You know the gnocchi are good when the woman sitting next to you turns to her husband and says to him, “These gnocchi are nothing like yours! These are actually very good!!”
And, all this time, she thought she hated gnocchi.
To kick off my birthday weekend in Chicago, I (finally) made it out to Western Springs to experience a full meal at the hands of Paul Virant. I was first smitten by Virant at a charity dinner I attended in Chicago in 2005. Among the many lauded chefs and dishes they each cooked, his amuse bouche – a sliver of smoked sturgeon topped with fennel, pickled asparagus, and a sprig of fresh dill – was a highlight. It was served with a perfectly-cooked round of fingerling potato sauced with caviar and cream.
Since then, I vowed to make it out to Vie.
It took me three years, but I’m happy to say that I finally made it on a happy occasion: four friends and I converged and reunited (hadn’t seen each other in quite a while) on the excuse of my thirtieth birthday.
Western Springs is a quaint little town. It looks like it could make for an adorable day of window shopping. From the outside, one would never guess that inside the unassuming brick building on Lawn Avenue just a block from the Metra tracks is a chic industrial, yet elegant greyscale restaurant. Black and white never looked so good together.
The chef was kind enough to give us a sample of his repertoire with an eight-course tasting menu paired with seven wines. The progression went like this (you can see all of the photos from this dinner on my Flickr set):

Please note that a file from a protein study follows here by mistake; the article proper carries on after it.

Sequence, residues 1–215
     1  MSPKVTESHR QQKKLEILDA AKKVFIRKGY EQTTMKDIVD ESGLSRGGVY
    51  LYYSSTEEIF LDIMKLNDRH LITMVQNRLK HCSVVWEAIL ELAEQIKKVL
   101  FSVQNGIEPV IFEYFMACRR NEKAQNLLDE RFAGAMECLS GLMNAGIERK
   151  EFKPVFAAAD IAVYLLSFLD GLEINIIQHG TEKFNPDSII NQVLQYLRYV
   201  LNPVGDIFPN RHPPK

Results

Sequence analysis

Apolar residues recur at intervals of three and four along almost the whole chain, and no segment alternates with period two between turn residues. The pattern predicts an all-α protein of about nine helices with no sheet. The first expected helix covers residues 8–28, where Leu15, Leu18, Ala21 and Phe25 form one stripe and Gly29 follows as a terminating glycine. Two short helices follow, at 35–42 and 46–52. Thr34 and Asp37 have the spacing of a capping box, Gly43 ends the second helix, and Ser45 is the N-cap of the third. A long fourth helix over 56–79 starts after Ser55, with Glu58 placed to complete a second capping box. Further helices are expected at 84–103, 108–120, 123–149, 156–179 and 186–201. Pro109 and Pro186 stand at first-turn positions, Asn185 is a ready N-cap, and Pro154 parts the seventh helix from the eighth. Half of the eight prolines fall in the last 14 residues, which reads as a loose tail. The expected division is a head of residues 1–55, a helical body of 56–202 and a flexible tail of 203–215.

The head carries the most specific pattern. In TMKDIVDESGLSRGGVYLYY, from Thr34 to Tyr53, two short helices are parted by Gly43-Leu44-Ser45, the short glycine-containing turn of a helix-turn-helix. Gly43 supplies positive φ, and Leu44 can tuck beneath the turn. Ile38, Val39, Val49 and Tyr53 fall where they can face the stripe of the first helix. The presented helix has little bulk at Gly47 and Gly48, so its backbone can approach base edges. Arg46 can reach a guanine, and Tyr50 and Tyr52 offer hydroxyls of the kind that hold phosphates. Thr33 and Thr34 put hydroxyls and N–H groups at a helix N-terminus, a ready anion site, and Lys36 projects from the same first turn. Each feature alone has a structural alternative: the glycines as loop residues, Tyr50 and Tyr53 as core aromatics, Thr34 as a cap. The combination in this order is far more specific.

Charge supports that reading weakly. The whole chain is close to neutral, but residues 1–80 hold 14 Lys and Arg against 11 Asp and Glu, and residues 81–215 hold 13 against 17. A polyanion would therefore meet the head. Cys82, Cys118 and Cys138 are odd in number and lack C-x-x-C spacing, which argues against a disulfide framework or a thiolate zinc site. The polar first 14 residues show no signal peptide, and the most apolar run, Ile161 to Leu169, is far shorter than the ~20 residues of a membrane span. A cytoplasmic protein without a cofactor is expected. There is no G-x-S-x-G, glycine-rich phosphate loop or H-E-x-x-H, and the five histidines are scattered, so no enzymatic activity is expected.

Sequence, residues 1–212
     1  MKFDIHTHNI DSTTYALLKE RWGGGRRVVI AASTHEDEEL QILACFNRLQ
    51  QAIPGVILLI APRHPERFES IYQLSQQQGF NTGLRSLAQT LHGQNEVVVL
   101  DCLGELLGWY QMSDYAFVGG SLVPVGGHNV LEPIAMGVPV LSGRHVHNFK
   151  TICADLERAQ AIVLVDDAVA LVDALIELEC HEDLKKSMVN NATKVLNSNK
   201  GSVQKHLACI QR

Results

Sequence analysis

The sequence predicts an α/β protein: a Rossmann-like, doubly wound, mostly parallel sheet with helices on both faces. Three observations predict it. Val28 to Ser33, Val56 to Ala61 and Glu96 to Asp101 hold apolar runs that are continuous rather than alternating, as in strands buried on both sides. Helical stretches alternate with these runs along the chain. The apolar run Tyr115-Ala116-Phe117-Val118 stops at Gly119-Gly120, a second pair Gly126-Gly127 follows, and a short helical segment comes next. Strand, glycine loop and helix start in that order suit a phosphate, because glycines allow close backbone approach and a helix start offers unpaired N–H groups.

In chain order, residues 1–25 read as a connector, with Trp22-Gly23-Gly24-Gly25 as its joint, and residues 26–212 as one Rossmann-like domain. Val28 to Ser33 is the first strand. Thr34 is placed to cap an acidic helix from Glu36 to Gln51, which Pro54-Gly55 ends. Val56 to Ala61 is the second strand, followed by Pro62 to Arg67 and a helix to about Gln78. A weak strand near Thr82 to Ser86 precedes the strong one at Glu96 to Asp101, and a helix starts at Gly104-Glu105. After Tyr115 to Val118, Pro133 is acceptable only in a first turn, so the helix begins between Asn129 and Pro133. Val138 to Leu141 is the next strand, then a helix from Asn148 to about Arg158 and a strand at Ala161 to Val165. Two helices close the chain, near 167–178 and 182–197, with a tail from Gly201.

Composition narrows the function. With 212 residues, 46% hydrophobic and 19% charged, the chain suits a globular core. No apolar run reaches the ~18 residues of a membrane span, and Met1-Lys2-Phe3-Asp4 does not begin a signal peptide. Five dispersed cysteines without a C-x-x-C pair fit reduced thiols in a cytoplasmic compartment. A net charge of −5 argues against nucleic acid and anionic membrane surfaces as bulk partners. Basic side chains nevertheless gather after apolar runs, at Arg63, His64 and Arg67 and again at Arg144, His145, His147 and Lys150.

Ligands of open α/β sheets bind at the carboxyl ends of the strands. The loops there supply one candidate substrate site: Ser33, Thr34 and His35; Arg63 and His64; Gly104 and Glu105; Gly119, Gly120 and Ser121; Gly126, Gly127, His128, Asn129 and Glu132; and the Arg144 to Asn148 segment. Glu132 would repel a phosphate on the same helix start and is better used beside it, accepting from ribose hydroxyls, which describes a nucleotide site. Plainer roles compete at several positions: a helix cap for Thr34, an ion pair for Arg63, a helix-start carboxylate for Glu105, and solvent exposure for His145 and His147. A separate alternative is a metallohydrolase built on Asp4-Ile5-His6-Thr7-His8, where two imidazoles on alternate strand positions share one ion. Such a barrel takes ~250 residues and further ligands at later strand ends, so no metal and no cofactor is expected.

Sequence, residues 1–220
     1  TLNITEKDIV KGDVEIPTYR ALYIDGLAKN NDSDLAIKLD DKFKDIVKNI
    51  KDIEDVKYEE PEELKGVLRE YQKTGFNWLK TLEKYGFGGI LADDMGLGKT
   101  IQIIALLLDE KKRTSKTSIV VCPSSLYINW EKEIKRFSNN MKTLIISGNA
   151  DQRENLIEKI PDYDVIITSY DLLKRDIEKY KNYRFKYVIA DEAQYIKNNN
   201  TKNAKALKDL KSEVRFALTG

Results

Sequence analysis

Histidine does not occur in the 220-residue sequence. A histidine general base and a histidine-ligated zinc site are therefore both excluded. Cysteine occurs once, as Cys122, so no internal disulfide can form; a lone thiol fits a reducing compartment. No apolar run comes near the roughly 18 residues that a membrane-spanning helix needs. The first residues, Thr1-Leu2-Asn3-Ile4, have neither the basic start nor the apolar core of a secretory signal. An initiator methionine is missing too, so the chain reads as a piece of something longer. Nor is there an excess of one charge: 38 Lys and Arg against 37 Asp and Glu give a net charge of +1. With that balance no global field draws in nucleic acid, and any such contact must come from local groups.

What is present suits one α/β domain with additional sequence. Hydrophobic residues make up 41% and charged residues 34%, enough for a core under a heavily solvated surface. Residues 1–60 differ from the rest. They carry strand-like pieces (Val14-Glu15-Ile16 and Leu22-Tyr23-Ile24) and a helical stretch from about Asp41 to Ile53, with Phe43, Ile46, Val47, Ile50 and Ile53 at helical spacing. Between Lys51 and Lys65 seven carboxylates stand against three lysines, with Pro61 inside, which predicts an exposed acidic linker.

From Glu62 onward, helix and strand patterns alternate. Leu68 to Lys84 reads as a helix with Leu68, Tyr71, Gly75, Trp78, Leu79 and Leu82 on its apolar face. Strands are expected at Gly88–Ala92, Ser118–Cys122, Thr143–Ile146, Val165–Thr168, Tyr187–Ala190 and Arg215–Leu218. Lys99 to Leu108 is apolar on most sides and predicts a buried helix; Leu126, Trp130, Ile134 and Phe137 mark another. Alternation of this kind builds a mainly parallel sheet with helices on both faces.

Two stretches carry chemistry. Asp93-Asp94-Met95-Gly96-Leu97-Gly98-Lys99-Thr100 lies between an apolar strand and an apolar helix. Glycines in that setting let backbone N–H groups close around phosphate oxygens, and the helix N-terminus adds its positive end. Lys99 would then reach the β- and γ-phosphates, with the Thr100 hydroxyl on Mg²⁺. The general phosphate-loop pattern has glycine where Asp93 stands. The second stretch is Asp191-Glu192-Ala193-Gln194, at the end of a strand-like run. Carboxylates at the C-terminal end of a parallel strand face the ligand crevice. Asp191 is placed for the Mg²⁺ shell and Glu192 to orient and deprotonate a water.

Amuse Bouche: Brandade with local San Marzano tomato jam.
1st Course: Spanish Olive Oil-Poached Blackfin Tuna (house-made morcilla sausage, Miner’s lettuce, pickled peppers and smoked paprika), paired with Gramona, Cava, Gran Cuvee, 2004 (Spain)
2nd Course: Ricotta Gnocchi (pan-roasted oyster mushrooms, werp farms sorrel, sweet butter), paired with Monchof, Robert Eymael, Estate Riesling, Mosel, 2006 (Germany)
3rd Course: Pan-Seared Lemon Sole (wilted stinging nettles, roasted baby artichokes, spring garlic, chervil sauce), paired with Catena, Chardonnay, Mendoza, 2006 (Argentina)
4th Course: Spring Green Salad (house-made pancetta vinaigrette, Concord grape mostarda, preserved grapes, pine nuts, shaved Magic Mountain cheese), paired with Mas de Gourgonnier, Rose, 2006 (Les Baux de Provence).
5th Course: Pan-Fried Quail (leeks, preserved Michigan cherries, thyme, Prairie Fruits Farm fresh chevre), paired with Rutz Cellars, Pinot Noir, Sonoma Cuvee, 2006 (California).
6th Course: New Zealand Venison Combination (seared leg and house-smoked strip loin, wild rice, preserved chestnuts and blueberries, brown butter, fried sunchokes), paired with Langmeil, Blacksmith Cabernet, Barossa Valley, 2005 (Australia).
7th Course: White wine sorbet.
8th Course: Bittersweet Chocolate Marquise (pistachio creme anglaise, candied pistachios, house preserved strawberries), paired with NV Niepoort. (Ruby Porto, Portugal)
Mignardises: Coconut pate de fruit.